Holding back the tide: English education here and now

One of my high school English teachers posted this article describing the struggle on the job, including ever-falling expectations and aspirations for students regarding the English language. My comment was as such:

English class is a battle between one person attempting to uphold a linguistic tradition and a couple dozen attempting to normalize their errors.

One of the examples given in the article is the abuse of “literally” in non-literal statements. Despite that being a gross misuse of vocabulary, I pointed out that Google in the past year has amended its definition of the word to acknowledge misuse.

Screen Shot 2015-02-22 at 7.29.09 PM

 

Such is the ongoing journey of English, which is reminiscent of the Geocities-era Internet- unregulated (unlike many other languages which have some sort of academy overseeing things), fragmented across space, and full of contradicting opinions. At some future point I’d imagine a post facto classification change, where what is spoken now is called Later English or something, and its rules and idiosyncrasies frozen in time along with Middle and Old English. What English instruction boils down to is a defense of a particular hill- what grammar, usage, spelling, and pronunciation were in a particular place at a particular point in time. Those students who don’t want to learn or don’t take lessons to heart will over time dictate what is current and what becomes archaic.

I once played a game of pool in a Portland bar, teams of two. One member of the opposing duo was from the Continent. He had grown up playing a very strict, organized rule set. My friend Gavin and I learned pool incorrectly from other kids (during summer camp, in my case) and had never figured out a set way to play the game. Thus dubbed “American Rules”, technical questions were not answered with “yes” or “no”, but rather “sure go ahead” or “maybe not”. English is a great example of the American Rules mindset. And I have immense respect for those that attempt to corral all the that chaos and teach an interpretation of English that promotes clarity and precision. In my not-that-long life, slang and vocabulary has undergone a radical change in the digital age, that increasingly departs from a English curriculum that hasn’t changed nearly as much. Every teacher has to drag students out of that universe and make them write something totally different.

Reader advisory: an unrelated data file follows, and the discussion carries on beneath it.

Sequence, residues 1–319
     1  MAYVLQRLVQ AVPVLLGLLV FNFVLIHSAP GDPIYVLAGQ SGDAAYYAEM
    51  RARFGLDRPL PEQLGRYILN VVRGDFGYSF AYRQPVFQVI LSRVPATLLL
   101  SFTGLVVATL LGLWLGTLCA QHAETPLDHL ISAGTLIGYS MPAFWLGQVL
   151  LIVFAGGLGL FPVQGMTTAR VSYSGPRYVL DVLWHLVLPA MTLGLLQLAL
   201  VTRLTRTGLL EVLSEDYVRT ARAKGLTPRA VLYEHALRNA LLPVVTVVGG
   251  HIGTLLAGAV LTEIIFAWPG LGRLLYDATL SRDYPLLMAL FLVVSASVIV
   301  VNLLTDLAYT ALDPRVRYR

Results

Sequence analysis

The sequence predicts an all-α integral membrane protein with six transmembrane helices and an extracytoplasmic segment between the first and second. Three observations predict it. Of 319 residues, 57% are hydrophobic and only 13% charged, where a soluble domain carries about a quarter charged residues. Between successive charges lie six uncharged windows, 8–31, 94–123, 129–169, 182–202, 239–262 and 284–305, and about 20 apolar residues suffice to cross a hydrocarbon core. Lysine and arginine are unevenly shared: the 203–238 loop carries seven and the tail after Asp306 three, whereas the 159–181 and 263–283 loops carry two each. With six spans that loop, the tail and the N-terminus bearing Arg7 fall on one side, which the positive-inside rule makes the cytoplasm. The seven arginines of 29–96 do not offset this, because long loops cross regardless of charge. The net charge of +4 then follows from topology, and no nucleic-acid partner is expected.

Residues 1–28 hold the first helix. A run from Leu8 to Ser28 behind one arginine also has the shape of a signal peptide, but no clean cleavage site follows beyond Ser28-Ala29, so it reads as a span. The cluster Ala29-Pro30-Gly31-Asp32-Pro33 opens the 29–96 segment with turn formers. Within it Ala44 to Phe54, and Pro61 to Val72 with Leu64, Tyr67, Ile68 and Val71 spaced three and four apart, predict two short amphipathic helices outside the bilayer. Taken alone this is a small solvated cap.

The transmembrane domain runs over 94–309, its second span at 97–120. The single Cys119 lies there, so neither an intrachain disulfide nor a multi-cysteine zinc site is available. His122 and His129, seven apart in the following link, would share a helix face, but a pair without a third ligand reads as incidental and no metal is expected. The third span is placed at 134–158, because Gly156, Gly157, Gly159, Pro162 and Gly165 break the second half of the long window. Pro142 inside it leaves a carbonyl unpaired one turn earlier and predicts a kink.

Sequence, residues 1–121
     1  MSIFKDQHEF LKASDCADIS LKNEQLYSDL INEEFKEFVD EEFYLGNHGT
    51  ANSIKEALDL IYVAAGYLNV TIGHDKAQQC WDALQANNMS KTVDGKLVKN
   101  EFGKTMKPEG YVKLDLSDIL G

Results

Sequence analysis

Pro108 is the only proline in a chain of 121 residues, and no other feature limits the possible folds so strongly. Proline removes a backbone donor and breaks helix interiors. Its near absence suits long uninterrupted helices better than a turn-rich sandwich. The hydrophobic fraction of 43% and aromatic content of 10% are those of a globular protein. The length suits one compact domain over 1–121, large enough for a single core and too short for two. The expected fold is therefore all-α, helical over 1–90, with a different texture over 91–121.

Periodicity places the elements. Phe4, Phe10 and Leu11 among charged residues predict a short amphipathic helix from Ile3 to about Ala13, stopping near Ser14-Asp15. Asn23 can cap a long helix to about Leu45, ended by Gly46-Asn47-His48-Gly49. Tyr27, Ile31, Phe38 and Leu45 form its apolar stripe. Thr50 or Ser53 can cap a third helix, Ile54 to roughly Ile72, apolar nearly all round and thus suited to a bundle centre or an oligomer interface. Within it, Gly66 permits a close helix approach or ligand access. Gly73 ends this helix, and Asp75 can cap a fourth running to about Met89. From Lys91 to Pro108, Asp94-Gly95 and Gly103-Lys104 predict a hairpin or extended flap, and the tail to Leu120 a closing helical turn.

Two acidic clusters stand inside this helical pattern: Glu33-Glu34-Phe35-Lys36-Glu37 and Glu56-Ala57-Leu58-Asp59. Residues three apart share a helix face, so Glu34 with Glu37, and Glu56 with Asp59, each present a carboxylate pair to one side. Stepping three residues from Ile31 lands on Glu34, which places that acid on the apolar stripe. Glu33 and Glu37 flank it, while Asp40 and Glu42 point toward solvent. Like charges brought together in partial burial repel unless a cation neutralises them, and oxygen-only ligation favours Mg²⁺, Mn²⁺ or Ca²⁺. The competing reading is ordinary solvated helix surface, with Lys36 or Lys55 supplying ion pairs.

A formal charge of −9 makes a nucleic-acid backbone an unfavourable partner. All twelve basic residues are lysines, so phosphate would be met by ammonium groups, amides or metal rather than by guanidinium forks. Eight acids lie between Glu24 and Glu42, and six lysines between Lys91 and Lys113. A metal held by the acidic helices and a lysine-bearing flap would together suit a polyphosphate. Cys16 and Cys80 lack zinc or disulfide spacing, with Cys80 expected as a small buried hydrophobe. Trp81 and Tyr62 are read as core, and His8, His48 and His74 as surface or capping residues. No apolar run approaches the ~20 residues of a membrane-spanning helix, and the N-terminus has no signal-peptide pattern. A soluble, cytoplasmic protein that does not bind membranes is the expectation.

Tough work, because the English language marches on, in a different direction in each place and with each community.

 

The ellipsis

It’s fascinating to observe written material on the Internet- formal and informal. Not just that it’s often a grammatical mess, but what changes and why they might be changing. There are entire dissertations to be written about capitalization (why do conspiracy theorists, above all, have idiosyncratic capitalization?) and comma usage, but I’ll focus on one specific punctuation mark. The ellipsis.

On a technical level, there are only two reasons to use an ellipsis, defined by three periods with spaces between them ( . . . ) or with a bracket ([ . . .]).

  1. When quoting written material, to indicate that some content has been removed in the interests of space or keeping on a single subject. Used typically in the middle of a sentence; a quote rarely starts or ends with an ellipsis.
  2. When transcribing spoken material, to indicate some kind of pause or rest in what is being said.

Several people, such as posters on a forum I moderated several years ago, and a woman who comments on a Facebook page I run, have very creative uses for an ellipsis, or an ellipsis-like mark.

People often link full sentences with three periods (no spaces, so not a true ellipsis). Many rarely use a traditional period, ending each thought or post with a trailing triple-period.

Why do people write this way? I have a theory.

In spoken conversation, one has the benefit of tone of voice and body language. Some kind of trailing mark online could be a way to avoid sounding too direct (“We should hang out.” versus “We should hang out…”). Another is a way to encourage response without posing a direct question [Canadians use ‘eh?’ to turn a statement into a question, in a brilliant grammatical innovation]. It would be bizarre, however, to think that someone who writes a whole paragraph linked by triple-periods has some kind of larger statement they’ve whittled down for length. Maybe they have, and good on them for sparing us some unnecessary reading.

This post was created due to the copywriter author talking to another copywriter in a bar.